Clinical course

After transmission of the influenza virus, symptoms occur after approximately 1 to 4 days of a latent period. Around 50% are asymptomatic infections, but there is a higher rate of developing symptoms in children.
Typical influenza show sudden-onset fever accompanied by cough or sore throat, and there could be systemic symptoms such as lethargy, headache, myalgia, and joint pain, or respiratory symptoms such as cough, sore throat, rhinorrhea, and dyspnea. Gastrointestinal symptoms like diarrhea or vomiting, or ocular symptoms like ocular pain or photosensitivity can also accompany the infection.
In uncomplicated influenza, the symptoms usually improve after 3 to 7 days even without treatment, but cough and lethargy can continue for more than 2 weeks. In high risk groups, severe complications can accompany the infection or underlying diseases can worsen (high risk groups; refer to "Definitions" section). The most common complication is pneumonia, and other complications such as otitis media, sinusitis and the aggravation of underlying cardiovascular diseases, chronic liver diseases, or chronic renal diseases can be occurred.

Diagnosis

When ILI develops during influenza season, it can be clinically diagnosed as influenza. When ILI is defined as sudden fever accompanied by cough or sore throat, the positive predictive value is reported to be in the 79% to 88% range in adults in community [25]. Therefore, influenza should be suspected in medical institutions during influenza season when any hospitalized patient has new-onset fever or respiratory symptoms, underlying respiratory symptoms worsen in elderly patients, there are no symptoms other than fever in infant and patients in serious condition with fever or hypothermia.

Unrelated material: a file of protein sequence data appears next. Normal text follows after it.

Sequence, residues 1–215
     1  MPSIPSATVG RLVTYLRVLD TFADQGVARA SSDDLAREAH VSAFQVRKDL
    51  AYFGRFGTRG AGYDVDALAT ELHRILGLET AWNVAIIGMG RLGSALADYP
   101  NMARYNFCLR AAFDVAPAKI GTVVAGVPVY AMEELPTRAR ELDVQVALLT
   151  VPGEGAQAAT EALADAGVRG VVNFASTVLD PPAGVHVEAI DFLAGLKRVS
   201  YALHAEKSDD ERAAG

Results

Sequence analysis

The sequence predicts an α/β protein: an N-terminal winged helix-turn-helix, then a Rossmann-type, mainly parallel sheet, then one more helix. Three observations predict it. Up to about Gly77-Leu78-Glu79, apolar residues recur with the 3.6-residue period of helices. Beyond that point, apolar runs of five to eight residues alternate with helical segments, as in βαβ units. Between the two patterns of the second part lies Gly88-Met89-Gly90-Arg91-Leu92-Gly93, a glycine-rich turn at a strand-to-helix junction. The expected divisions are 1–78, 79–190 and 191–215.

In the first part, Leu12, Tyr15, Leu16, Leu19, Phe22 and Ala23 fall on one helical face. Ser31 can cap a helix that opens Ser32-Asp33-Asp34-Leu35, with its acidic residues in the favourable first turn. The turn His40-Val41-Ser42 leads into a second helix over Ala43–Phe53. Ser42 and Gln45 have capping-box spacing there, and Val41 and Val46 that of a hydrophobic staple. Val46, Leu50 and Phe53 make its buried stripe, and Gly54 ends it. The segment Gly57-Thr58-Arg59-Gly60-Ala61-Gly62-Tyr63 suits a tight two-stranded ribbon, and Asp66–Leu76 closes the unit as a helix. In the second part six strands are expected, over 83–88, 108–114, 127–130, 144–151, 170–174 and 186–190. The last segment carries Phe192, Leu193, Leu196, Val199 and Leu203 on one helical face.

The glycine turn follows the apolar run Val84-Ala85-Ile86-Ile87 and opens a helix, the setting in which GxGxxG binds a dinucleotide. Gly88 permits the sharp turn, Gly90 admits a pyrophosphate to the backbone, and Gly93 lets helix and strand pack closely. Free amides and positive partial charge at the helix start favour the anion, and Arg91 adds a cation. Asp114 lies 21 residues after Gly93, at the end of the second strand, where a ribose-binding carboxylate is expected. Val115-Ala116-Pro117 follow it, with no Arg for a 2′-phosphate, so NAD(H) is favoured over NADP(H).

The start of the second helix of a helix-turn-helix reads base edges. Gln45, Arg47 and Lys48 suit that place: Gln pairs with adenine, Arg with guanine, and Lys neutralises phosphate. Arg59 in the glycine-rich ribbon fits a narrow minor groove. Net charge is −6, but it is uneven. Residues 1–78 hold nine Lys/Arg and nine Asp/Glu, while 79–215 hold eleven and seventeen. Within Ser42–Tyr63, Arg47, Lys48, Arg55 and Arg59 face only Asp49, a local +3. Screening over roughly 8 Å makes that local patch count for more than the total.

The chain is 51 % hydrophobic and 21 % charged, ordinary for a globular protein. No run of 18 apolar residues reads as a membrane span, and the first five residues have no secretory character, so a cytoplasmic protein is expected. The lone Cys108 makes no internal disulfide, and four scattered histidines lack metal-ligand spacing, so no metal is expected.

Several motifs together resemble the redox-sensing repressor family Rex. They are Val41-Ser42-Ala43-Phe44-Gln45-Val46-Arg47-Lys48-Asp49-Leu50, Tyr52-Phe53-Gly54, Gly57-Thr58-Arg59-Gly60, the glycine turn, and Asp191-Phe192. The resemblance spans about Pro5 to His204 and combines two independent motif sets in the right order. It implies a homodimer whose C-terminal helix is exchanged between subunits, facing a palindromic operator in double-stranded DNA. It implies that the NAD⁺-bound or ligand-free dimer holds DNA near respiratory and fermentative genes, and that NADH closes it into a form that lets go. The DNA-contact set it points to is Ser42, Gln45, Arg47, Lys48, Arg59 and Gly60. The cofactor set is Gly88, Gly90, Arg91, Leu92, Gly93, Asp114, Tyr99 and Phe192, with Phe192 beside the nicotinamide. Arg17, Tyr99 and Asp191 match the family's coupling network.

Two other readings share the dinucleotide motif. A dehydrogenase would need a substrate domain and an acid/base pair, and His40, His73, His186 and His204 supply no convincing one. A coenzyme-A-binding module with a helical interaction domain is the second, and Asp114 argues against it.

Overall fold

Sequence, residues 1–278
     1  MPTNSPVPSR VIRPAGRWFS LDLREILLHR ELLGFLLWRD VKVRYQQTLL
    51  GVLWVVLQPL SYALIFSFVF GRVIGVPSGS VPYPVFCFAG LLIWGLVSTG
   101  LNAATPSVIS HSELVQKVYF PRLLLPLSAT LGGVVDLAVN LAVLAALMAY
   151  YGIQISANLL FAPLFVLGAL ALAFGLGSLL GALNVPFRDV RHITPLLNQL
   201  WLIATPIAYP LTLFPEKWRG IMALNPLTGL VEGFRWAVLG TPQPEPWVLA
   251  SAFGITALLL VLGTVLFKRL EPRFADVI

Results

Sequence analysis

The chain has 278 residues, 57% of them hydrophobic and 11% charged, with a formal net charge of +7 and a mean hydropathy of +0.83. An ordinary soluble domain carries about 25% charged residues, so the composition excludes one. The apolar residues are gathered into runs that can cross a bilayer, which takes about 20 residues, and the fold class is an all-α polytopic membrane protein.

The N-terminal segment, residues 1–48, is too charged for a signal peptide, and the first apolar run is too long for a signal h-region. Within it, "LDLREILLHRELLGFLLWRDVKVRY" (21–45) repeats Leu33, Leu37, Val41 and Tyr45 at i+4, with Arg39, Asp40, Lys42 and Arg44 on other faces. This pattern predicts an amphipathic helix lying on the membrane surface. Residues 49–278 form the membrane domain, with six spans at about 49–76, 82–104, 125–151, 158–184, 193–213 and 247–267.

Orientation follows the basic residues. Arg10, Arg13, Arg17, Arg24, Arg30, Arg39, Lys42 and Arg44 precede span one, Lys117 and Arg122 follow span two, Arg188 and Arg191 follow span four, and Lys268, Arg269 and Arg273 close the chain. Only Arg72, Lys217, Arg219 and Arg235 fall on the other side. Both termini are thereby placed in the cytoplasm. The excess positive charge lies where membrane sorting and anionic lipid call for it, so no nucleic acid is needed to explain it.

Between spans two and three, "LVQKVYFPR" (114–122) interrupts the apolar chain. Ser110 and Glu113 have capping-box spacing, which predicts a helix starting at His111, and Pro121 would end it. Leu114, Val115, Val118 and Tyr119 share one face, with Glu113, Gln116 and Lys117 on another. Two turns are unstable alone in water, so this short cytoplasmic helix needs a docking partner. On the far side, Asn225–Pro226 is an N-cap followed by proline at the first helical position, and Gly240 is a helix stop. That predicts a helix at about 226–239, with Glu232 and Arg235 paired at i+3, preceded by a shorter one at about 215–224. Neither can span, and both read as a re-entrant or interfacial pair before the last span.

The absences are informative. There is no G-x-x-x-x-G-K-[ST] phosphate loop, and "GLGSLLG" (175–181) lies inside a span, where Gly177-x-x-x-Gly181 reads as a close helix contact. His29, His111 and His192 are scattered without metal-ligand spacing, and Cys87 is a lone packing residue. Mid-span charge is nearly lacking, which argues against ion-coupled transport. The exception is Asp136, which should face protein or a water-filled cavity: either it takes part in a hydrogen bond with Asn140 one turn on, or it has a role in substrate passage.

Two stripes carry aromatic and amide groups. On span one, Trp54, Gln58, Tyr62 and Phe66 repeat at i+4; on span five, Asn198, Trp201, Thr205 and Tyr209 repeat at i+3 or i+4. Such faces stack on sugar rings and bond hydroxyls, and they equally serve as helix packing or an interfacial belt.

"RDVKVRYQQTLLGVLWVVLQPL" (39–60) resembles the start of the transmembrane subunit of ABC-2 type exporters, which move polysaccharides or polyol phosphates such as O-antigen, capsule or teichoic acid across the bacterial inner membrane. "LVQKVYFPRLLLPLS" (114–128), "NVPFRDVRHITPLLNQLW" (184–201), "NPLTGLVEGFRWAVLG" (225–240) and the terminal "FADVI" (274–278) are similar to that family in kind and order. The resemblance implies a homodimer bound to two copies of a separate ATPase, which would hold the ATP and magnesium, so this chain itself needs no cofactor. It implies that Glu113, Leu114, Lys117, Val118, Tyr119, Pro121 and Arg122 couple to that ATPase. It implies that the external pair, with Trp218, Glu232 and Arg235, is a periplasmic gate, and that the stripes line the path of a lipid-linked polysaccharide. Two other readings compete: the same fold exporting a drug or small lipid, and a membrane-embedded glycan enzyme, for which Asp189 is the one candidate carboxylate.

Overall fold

Laboratory methods to diagnose influenza include rapid antigen test (RAT), reverse transcriptase-polymerase chain reaction (RT-PCR), serology, and virus culture. RAT and RT-PCR are used in clinical situations where results need to be confirmed quickly. The optimal clinical specimen for children or adults is nasopharyngeal aspirate or swab, and for infants, nasal aspirate or swab [26-28]. Time-wise, detection rate is higher when it is collected closer to the illness onset (within 72 hours). Endotracheal suction and the broncho-alveolar lavage have a high detection rate when a lower respiratory tract infection is accompanied.
RAT can be used easily in all medical institutions because it is point-of-care testing using the diagnostic kit without any other laboratory equipment and provides results in less than 15 minutes. It has high specificity of more than 90%, but its sensitivity is lower than that of RT-PCR (children 70%-90%, adult < 40%-60%), so it cannot be used as confirmation of a diagnosis [6,29-31]. RT-PCR has high sensitivity and specificity, so it can be used as a confirmation test. The results can be obtained within 4 to 6 hours when tested in the laboratory of a medical institution, but it may be difficult to obtain prompt results when samples are sent to an external laboratory [5].

Treatment

Guideline for antiviral treatment and chemoprophylaxis of seasonal influenza and guideline for treatment of severe influenza have been developed separately [1].

PREVENTION AND CONTROL OF INFLUENZA IN A MEDICAL INSTITUTION